Resolving global climate inequity
“Resolving global climate inequity through large-scale climate financing and community-based solutions” was presented by Dale Marshall, national climate program manager, Environment Defence, Canada. It is generally understood that those who are least responsible for the problem of climate change are those who have been hit first and hardest. However, it is rarely acknowledged in industrialized countries such as Canada the degree to which global solutions like the Paris Agreement on climate change fail to fully address this global inequity. Countries’ mitigation commitments begin with grandfathering high levels of carbon emissions. Meanwhile the differential impacts of climate change, and their imposed costs, are only minimally resolved. For communities in the developing world, the impacts of climate change are often linked to water and water resources: not enough, too much, poor quality, etc. Access to clean water is a human right and fundamental to community well-being. This is why resolving climate inequity must include a full, comprehensive approach to water access for all. The Paris Agreement acknowledges climate equity issues but only minimally addresses them. Over the coming years, commitments and action need to be ramped up to avoid catastrophic impacts in the developing world and global instability. In addition to greater mitigation commitments, higher levels of climate financing are needed to allow developing counties, especially least developed countries, to both address the mounting impacts of climate change and undertake low-carbon development. The solutions need to be participatory and community based in order to integrate technological solutions that are appropriate. Marshall added, “Significant resources are also needed for capacity building, including at the local level.”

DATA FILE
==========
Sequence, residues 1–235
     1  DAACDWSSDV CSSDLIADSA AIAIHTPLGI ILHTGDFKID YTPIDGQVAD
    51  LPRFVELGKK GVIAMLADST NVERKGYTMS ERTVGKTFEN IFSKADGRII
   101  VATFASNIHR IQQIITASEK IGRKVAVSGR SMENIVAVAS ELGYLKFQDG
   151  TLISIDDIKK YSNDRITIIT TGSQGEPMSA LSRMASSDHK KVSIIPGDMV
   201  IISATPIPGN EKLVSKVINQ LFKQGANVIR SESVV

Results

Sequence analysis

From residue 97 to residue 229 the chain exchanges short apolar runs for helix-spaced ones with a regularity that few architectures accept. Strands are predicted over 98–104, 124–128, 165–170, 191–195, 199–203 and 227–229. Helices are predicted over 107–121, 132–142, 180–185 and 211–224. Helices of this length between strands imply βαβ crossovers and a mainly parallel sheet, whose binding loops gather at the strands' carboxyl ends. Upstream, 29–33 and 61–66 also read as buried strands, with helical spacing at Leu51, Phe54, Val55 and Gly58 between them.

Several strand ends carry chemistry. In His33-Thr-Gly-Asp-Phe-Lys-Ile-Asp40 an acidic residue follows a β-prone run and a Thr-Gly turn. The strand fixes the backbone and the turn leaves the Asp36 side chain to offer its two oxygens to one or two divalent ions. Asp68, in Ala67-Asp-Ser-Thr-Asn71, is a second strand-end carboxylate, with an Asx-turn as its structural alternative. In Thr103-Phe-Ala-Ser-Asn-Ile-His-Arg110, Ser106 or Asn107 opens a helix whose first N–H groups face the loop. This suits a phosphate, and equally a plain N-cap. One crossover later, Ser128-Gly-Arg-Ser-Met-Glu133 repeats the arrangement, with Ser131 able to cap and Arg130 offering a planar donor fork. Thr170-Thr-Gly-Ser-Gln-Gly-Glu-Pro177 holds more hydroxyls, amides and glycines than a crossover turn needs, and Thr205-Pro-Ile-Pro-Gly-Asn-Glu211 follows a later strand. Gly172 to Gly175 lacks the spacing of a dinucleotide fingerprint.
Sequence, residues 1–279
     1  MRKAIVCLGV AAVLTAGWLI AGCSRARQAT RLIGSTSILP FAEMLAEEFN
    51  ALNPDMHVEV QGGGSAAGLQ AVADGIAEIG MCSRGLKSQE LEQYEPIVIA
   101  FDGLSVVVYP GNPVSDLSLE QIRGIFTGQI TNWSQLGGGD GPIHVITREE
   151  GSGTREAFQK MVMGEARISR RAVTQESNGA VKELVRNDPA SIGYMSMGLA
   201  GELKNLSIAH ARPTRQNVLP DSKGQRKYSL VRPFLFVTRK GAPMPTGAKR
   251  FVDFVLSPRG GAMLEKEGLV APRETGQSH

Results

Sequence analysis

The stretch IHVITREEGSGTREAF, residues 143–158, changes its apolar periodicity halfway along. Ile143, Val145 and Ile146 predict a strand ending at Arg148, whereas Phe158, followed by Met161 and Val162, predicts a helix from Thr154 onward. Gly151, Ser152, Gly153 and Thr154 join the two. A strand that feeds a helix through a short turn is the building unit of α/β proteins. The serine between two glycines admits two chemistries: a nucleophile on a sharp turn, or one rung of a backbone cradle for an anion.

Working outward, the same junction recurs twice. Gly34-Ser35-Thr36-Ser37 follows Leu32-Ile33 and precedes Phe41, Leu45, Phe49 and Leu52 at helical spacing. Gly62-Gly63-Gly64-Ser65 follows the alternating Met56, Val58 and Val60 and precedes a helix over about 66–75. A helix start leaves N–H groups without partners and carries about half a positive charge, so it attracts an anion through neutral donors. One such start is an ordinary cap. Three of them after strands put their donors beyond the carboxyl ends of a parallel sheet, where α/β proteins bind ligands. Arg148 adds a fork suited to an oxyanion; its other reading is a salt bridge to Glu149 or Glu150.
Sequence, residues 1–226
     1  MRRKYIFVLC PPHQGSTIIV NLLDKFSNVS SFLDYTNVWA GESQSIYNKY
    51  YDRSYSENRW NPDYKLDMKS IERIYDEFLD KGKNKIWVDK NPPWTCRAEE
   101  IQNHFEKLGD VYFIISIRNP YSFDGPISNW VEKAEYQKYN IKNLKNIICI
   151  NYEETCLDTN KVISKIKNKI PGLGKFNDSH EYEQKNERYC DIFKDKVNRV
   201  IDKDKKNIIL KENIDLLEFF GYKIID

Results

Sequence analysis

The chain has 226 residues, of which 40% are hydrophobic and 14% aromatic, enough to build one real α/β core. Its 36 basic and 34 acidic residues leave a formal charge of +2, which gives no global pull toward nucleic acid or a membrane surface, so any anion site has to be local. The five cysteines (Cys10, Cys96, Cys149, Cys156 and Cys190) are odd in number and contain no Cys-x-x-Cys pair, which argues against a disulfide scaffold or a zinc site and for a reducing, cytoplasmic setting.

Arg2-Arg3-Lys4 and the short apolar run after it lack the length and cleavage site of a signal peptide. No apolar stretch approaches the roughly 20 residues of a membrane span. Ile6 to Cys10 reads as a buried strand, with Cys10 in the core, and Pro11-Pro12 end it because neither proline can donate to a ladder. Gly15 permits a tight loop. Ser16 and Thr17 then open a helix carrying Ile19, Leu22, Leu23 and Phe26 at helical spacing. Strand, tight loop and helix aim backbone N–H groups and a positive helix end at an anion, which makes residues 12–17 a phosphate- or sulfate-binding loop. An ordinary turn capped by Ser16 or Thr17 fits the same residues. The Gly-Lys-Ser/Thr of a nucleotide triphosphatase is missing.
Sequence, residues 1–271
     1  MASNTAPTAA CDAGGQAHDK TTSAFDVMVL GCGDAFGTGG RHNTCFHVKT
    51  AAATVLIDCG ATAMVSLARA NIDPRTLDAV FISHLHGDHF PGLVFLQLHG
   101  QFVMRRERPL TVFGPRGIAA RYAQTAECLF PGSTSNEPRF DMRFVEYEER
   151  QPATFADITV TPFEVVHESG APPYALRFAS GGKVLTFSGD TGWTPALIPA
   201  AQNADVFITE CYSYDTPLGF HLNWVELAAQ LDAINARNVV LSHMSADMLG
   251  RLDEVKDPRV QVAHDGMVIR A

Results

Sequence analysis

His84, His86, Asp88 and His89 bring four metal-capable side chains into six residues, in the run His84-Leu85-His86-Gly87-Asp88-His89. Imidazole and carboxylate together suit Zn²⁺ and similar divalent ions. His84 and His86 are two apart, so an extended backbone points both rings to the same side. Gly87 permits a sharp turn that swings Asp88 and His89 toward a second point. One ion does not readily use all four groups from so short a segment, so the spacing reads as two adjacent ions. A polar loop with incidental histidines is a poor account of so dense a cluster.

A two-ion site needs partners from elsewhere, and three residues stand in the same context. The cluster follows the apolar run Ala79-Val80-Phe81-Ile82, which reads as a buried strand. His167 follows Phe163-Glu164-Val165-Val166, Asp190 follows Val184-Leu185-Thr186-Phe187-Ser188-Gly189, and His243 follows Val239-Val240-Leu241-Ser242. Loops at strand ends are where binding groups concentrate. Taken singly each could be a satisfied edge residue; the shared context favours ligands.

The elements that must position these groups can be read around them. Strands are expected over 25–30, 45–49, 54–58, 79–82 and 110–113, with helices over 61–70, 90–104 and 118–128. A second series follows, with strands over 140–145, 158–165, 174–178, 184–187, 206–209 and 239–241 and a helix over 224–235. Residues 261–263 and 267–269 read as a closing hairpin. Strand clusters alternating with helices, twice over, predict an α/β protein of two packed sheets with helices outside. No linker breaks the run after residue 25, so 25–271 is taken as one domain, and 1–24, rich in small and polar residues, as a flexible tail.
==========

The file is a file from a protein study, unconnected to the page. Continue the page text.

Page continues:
Pink Lake is actually green!
Birtch was the guide of the conference tour on the third and last day. Three stops marked the half day tour, including Hog’s back park, the Canadian Museum of History, and Pink Lake in Gatineau.
Birtch explained to visitors that Pink Lake is meromictic, which means that water in the lower part of the lake does not mix with that in the upper part. The bottom 7 m of this 20 m deep lake does not have oxygen. There is algae in that lower layer that photosynthesizes with sulphur instead of carbon dioxide (CO2). Pink Lake was named for the nearby Pink family who settled the land in 1826. Algae makes the lake green.
The area of the lake was probably a pothole when the continental ice sheet retreated 9,000 years ago. Then the land was covered by the Champlain Sea, until isostatic rebound brought it up above sea level. The small lake was filled with sea water, which remained for a time because a high ridge surrounded it. The ridge prevented streams from flowing into the lake or prevented winds from blowing on the lake surface – two processes that mix the water in most lakes. It took so long for the trapped seawater to become fresh water in the lake. The three-spined stickleback evolved from a seawater fish to a freshwater fish.
Pink Lake was a popular swimming and party area but human activities present a danger of eutrophication – where excess nutrients cause excessive plant growth that takes oxygen from the water in the upper layer (there is none in the lower layer). As a result, access to the water is restricted. The trail around the lake is about 2.5 km, is a well maintained trail and includes stairs and slopes; it is safe but involves exercise. Birtch added, “You may see birds above, three-spined stickleback fish near the shore, and old pits where people used to mine mica.”
Full details about the conference and its program are available online at www.iwiseconference.com/2019.